Argumentum Ornithologicum and uncertain cartographies


Mosgiel and Dunedin, Otago

I close my eyes and see a flock of birds. The vision lasts a second or perhaps less; I don’t know how many birds I saw. Were they a definite or an indefinite number? This problem involves the question of the existence of God. If God exists, the number is definite, because how many birds I saw is known to God. If God does not exist, the number is indefinite, because nobody was able to take count. In this case, I saw fewer than ten birds (let’s say) and more than one; but I did not see nine, eight, seven, six, five, four, three, or two birds. I saw a number between ten and one, but not nine, eight, seven, six, five, etc. That number, as a whole number, is inconceivable; ergo, God exists.

Argumentum Ornithologicum, Jorge Luis Borges

I spent years staring at maps. At my previous job, roughly half of any of given day was devoted to working with ink and pixel landscapes. I remember mapping skinks in Sinbad Gully, soils of the Wairau Valley, possum habitats in the Tararua Ranges, Māori freehold land suitability in the Wairarapa and hydrological networks in the Canterbury Plains. All those hours spent creating and poring over cartographic representations of New Zealand honed and deepened my understanding of this country’s physical landscapes and urban forms. They may even have changed the way I think.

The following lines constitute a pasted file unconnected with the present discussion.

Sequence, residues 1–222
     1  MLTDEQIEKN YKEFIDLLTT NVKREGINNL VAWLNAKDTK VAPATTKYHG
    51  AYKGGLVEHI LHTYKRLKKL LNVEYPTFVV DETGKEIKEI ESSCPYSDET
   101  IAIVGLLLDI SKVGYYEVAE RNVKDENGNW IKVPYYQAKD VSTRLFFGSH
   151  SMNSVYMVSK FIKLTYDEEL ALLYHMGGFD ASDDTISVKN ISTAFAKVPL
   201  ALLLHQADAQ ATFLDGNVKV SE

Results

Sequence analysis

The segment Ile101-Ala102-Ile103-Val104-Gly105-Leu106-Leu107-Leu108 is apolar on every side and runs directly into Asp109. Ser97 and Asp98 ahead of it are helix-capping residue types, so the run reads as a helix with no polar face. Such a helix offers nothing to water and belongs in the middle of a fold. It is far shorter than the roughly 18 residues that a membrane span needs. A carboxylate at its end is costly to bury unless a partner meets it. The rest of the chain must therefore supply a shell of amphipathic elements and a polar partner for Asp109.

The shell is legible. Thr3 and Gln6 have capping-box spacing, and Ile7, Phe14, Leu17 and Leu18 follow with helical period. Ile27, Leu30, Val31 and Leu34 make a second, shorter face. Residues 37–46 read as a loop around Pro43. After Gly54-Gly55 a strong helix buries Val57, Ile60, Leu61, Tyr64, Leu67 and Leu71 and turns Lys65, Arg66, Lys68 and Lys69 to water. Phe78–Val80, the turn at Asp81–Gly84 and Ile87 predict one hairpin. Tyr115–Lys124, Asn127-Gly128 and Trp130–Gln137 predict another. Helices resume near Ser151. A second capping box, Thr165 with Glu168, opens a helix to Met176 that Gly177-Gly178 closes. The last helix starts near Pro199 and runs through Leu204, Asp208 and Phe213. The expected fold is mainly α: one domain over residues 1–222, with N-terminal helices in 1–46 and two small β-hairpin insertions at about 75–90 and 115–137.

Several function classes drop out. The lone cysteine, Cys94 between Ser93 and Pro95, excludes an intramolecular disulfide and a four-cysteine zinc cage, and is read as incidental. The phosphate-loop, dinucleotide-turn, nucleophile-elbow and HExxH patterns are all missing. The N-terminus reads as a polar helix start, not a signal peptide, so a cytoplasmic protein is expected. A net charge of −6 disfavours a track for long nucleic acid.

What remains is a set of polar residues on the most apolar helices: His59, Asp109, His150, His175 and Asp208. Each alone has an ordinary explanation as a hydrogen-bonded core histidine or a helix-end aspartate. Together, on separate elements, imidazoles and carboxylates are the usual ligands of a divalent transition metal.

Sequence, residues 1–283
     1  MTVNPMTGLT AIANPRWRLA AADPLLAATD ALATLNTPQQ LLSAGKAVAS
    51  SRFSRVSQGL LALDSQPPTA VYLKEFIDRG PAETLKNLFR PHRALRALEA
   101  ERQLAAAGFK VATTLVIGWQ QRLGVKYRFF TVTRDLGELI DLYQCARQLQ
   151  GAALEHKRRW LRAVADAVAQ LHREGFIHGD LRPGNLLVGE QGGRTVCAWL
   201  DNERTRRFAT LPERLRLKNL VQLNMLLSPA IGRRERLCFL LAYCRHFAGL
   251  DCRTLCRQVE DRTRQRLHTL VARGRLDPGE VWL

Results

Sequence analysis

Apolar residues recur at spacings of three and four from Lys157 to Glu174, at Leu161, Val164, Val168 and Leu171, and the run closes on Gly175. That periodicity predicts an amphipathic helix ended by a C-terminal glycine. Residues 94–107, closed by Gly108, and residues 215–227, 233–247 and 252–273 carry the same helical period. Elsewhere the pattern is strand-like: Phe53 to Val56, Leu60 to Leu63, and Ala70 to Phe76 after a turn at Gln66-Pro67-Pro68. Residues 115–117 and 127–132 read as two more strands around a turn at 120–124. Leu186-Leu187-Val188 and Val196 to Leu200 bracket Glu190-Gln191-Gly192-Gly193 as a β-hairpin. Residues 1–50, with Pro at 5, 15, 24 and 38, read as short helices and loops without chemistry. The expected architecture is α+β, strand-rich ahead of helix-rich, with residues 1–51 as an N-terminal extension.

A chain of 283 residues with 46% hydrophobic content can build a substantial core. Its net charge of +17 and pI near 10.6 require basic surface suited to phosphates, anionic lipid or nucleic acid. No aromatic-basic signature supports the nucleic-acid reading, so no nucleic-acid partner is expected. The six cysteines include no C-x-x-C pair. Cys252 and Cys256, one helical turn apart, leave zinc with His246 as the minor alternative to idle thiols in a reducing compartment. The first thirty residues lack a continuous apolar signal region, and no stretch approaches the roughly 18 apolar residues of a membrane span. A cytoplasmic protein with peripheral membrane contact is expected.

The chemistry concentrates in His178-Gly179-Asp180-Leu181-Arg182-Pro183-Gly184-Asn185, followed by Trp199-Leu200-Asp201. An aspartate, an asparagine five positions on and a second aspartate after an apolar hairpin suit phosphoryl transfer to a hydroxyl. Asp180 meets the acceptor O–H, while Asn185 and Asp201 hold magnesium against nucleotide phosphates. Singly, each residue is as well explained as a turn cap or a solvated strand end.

(Some nights I dream in shaded relief.)

Invercargill, Southland

Invercargill, Southland

Places where I once lived are deeply etched in my mind. Given a blank sheet of paper, and a little lenience, I can draw a respectable map of Murrays Bay, Mount Eden, Kingsland, Longburn, Summer Hill or Mana from memory. Yet most New Zealand localities are at once familiar and largely unknown to me. When presented with an unlabelled map depicting a random part of the country, I can identify most places purely on the basis of their shape. But, when I close my eyes, their forms fade away and I’m left with a cartographic analogue to Borges’s birds. Elusive assemblages flicker, squiggle and shimmer, slipping out of reach when my mind’s eye tries to focus on them directly.

Whangaparaoa Peninsula

Whangaparaoa Peninsula, Auckland
The maps on this page are an attempt to translate my head landscapes into cartographic artefacts. I am trying to recreate of what I see when I close my eyes. They are rough approximations—the stuff in my head is far stranger and more difficult to pin down—but they feel honest. I share them because I find them beautiful and evocative.


Cromwell, Central Otago
The maps were created with TileMill. Most of the effects were achieved through doing unnatural things with the line-smooth and polygon-smooth parameters. Here is a Gist containing the CartoCSS for anyone who might be interested. All data from Land Information New Zealand: NZ Mainland Road Centrelines, NZ Mainland River Centrelines, NZ Mainland River Polygons and NZ Mainland Lakes.

Rakaia River

 Canterbury Plains around the Rakaia River